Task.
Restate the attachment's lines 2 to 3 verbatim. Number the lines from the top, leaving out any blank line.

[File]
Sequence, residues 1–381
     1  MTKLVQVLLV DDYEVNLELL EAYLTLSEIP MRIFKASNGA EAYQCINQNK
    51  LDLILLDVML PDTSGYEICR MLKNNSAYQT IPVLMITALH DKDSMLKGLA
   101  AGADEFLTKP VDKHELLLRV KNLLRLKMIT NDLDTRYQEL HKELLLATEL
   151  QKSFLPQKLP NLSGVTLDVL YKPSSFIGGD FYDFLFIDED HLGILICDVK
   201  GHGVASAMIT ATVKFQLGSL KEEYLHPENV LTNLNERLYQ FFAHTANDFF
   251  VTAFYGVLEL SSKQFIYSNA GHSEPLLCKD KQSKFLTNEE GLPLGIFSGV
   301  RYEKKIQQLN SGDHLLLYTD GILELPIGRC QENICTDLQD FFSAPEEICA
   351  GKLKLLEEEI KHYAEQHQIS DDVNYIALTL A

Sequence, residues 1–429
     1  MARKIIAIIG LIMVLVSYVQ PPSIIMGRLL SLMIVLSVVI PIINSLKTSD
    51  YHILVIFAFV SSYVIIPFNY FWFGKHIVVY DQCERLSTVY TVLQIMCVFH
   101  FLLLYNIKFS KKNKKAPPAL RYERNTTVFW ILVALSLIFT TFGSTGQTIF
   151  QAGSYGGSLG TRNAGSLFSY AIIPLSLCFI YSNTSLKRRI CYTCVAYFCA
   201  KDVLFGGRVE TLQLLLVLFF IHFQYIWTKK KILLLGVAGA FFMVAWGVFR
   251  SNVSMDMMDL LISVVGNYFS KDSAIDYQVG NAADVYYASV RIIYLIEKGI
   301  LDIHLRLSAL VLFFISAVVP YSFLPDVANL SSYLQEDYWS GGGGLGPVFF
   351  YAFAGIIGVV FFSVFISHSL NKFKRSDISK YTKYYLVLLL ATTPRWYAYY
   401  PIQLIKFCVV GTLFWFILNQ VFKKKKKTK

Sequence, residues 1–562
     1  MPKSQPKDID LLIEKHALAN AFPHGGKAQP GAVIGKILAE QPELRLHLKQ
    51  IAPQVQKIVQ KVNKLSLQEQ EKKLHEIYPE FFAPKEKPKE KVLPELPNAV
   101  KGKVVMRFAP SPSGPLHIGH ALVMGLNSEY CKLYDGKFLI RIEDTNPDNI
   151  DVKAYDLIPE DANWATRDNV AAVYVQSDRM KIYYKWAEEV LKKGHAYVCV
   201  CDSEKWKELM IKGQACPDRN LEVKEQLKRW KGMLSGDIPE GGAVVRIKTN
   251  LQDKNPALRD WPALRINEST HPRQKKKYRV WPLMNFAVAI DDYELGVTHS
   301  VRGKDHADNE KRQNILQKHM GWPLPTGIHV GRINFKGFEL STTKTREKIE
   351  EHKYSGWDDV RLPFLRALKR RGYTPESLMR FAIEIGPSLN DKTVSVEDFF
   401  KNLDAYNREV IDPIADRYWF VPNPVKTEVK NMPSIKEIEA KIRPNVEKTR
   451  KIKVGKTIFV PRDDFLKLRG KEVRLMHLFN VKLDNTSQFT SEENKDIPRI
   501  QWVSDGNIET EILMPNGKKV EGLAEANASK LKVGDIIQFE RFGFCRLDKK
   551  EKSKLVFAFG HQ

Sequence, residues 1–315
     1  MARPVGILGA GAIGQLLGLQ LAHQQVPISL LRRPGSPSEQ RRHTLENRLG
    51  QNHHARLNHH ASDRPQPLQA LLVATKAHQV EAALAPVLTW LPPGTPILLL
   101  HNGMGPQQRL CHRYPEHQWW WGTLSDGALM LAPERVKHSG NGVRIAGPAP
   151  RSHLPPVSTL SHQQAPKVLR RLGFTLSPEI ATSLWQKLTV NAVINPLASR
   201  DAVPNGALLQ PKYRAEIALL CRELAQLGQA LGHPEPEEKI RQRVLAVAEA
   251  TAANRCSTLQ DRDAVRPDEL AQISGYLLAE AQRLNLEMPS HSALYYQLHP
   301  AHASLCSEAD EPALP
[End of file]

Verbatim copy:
     1  MTKLVQVLLV DDYEVNLELL EAYLTLSEIP MRIFKASNGA EAYQCINQNK
    51  LDLILLDVML PDTSGYEICR MLKNNSAYQT IPVLMITALH DKDSMLKGLA